First-gen Legal Studies alum credits job with DOJ to UHCL preparation
The 2020 Covid-19 pandemic created many setbacks in people’s lives, but none of them stopped University of Houston - Clear Lake alumna, Vivian Quintero from achieving her academic goal. Despite the unknowns, challenges, and adjusting to new norms, the Houston, Texas native completed her Bachelor of Science in Legal Studies at UH- Clear Lake in spring 2020 and got accepted into New England Law | Boston the same semester.
“I was making decisions blindly because no one I knew ever experienced anything like that before,” Quintero said. “Not only did the pandemic take away my experience as a graduate, but also as a future law student because I completed my first year of law school online. There were a lot of doubts.”
When she was finishing her credits at San Jacinto College to transfer into a four-year program, she discovered that UHCL was the best fit. Upon enrolling, she utilized available resources that opened doors for her.
“UHCL has a unique introduction to the law that I could not find with other universities. UHCL offered the ability not only to learn about different areas of the law, but also offered the ability to intern at different government offices,” she said. “I interned at the Galveston County District Attorney’s office. I think aside from the academics, UHCL also offered professional legal experience.”
She added that (Associate Professor of Legal Studies) Vanessa Johnson influenced her and opened her eyes to many possibilities.
“Prof. Johnson is an attorney. Attending her classes and getting the experience from an attorney directly created that motivation to keep going and reach a level like hers,” she explained. “If it were not for Prof. Johnson, I would not have met Melinda Metz and Linda Telfah, who work at the Galveston County District Attorney’s office. They influenced me as well. They all opened my eyes to what an attorney can do for people.”
She said that her classes in the Legal Studies program were important, but her internship experience at the Galveston County D.A. really allowed her to see the power attorneys can have, and how they can use it for good.
“I would not have had that experience if Prof. Johnson had not opened that door for me,” she said.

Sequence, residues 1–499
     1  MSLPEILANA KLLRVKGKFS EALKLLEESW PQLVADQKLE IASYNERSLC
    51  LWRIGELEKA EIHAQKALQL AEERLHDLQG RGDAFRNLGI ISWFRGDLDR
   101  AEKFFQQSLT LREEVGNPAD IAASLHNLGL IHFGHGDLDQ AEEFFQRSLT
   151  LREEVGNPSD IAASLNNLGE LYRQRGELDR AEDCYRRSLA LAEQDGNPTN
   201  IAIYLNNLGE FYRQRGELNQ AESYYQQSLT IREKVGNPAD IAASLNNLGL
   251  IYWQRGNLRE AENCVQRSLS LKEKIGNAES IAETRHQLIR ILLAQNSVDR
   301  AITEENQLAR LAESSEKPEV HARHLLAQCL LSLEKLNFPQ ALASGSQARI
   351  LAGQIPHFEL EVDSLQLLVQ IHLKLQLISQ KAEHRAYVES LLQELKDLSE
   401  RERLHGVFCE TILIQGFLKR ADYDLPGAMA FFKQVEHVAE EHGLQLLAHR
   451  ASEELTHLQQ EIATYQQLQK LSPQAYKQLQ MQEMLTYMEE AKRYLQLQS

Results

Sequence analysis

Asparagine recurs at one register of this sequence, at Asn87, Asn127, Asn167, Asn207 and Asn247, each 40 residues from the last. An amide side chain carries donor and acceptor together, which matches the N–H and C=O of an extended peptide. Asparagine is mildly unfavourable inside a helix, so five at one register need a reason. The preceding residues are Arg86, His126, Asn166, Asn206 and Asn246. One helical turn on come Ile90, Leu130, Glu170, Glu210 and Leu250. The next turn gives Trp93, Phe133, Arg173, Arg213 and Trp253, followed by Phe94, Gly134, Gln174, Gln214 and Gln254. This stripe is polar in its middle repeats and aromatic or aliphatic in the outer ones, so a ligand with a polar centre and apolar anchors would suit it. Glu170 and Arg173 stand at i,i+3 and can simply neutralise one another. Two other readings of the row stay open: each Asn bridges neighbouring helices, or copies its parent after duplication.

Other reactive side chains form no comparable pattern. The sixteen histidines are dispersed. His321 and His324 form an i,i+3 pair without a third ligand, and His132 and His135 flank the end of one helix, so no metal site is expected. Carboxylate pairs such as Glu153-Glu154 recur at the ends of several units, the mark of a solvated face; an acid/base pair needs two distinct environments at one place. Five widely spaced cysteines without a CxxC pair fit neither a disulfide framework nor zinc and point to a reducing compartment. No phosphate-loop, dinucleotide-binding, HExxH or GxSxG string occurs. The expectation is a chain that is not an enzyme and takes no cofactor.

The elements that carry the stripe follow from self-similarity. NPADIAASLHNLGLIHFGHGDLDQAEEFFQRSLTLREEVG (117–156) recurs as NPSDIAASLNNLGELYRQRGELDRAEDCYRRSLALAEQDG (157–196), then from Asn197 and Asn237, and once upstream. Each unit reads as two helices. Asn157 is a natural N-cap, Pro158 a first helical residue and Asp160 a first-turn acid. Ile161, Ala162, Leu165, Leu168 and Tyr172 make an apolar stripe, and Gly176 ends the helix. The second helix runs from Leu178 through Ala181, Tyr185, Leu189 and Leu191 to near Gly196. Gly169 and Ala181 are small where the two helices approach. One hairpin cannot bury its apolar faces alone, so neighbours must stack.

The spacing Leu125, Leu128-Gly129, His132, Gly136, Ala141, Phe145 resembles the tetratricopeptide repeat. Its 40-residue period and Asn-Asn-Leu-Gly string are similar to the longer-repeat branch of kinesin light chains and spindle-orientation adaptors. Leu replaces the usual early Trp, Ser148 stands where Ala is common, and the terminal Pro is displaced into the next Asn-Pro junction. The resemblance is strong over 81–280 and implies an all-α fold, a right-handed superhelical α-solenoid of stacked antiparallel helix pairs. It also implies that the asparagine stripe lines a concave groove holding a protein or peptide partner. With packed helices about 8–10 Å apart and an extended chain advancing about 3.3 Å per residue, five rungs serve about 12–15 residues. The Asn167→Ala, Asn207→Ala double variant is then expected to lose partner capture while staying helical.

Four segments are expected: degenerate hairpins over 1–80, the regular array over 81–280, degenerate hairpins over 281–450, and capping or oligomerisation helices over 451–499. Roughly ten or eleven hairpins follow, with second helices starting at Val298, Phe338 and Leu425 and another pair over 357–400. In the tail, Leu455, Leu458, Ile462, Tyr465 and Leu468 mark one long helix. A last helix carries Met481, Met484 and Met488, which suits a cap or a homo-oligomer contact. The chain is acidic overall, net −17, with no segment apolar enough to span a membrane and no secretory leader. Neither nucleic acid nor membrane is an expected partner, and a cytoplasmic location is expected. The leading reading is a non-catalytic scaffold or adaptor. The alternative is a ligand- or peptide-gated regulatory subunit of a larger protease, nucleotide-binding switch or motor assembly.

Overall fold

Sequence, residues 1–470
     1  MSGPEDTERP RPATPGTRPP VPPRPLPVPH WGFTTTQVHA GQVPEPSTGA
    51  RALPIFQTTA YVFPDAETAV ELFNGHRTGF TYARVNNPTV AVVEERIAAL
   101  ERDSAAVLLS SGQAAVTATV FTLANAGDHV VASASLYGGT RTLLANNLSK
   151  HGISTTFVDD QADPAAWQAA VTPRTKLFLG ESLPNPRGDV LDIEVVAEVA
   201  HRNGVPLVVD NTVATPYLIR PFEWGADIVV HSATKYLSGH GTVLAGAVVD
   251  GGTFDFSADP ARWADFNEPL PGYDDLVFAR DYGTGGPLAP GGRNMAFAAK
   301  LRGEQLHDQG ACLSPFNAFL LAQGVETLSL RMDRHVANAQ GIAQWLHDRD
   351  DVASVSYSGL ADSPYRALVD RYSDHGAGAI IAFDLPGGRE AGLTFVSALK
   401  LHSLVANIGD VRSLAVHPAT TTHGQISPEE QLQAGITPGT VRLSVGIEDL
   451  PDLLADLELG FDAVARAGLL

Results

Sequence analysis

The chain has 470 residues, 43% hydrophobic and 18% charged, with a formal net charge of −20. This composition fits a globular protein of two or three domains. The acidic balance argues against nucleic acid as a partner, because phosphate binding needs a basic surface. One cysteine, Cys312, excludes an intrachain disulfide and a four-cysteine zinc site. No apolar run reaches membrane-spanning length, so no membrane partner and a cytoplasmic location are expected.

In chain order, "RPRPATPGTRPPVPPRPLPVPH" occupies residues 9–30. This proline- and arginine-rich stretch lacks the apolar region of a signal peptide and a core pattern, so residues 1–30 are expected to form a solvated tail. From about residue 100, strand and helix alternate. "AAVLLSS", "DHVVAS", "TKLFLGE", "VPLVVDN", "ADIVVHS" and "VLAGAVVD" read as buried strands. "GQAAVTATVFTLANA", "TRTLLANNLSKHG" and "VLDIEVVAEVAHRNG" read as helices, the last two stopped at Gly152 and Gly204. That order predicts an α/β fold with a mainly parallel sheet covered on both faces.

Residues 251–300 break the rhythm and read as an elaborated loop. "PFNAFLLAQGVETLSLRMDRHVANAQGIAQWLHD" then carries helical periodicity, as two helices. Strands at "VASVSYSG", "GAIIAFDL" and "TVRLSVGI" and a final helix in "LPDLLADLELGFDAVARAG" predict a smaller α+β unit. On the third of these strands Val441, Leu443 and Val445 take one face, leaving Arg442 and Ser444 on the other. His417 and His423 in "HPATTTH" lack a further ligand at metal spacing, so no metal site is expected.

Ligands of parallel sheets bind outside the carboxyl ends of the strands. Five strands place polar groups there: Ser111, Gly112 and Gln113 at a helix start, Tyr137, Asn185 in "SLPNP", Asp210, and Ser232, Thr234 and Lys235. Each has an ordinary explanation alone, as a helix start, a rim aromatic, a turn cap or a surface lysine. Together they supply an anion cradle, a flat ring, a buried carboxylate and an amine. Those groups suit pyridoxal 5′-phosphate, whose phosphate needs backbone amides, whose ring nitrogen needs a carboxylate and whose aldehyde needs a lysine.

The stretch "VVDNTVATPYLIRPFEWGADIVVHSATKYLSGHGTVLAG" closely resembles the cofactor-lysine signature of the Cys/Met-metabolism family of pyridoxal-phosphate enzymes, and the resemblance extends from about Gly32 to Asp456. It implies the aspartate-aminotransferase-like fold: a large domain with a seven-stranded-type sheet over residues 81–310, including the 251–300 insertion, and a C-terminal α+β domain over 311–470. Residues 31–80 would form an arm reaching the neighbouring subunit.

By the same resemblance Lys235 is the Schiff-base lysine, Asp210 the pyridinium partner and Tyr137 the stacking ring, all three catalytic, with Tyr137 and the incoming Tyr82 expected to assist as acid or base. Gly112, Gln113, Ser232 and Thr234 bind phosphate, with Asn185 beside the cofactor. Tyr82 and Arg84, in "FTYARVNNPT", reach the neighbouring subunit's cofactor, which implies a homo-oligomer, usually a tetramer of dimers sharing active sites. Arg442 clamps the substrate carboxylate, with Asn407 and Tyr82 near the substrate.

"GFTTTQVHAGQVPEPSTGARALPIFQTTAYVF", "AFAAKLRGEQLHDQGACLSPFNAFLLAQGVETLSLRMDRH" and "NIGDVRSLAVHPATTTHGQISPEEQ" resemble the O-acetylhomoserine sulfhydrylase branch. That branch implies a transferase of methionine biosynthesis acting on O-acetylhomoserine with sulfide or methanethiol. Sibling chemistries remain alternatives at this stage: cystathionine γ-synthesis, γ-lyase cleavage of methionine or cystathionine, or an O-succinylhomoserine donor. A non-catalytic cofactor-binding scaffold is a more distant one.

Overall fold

Being Latina, Quintero knew how important it would be to have minority representation in the legal profession.
“There is a space for everyone no matter their shape, background, color, or education level in the legal world. UHCL helped me see that through the opportunities they offer,” she said. “The intense process with the LSAT exam and applying to numerous law schools to see who would admit me is very intimidating. UHCL helped remove that intimidation because of the resources that were given to me through the Legal Studies program.”
She added that as a first-generation Latina, and the first lawyer in her whole family, UHCL offered her everything she needed to succeed. “I could not have achieved that without the resources and assistance that were available to me,” she said.
Quintero advises students to never settle for less. “UHCL offers so much more when you strive to ask questions and become more informed. I would not have known all about what the Legal Studies program offers if I had not reached out to UHCL directly,” she said. “They were more than happy to help me. UHCL offered me so much and more, and I am forever grateful for that.”
Quintero currently is a court-appointed attorney with the Department of Justice, offering U.S. citizens legal support through the court system. She will be graduating from New England Law Boston this spring. For more information about UHCL's Legal Studies B.S. Program visit www.uhcl.edu/academics/degrees/legal-studies-bs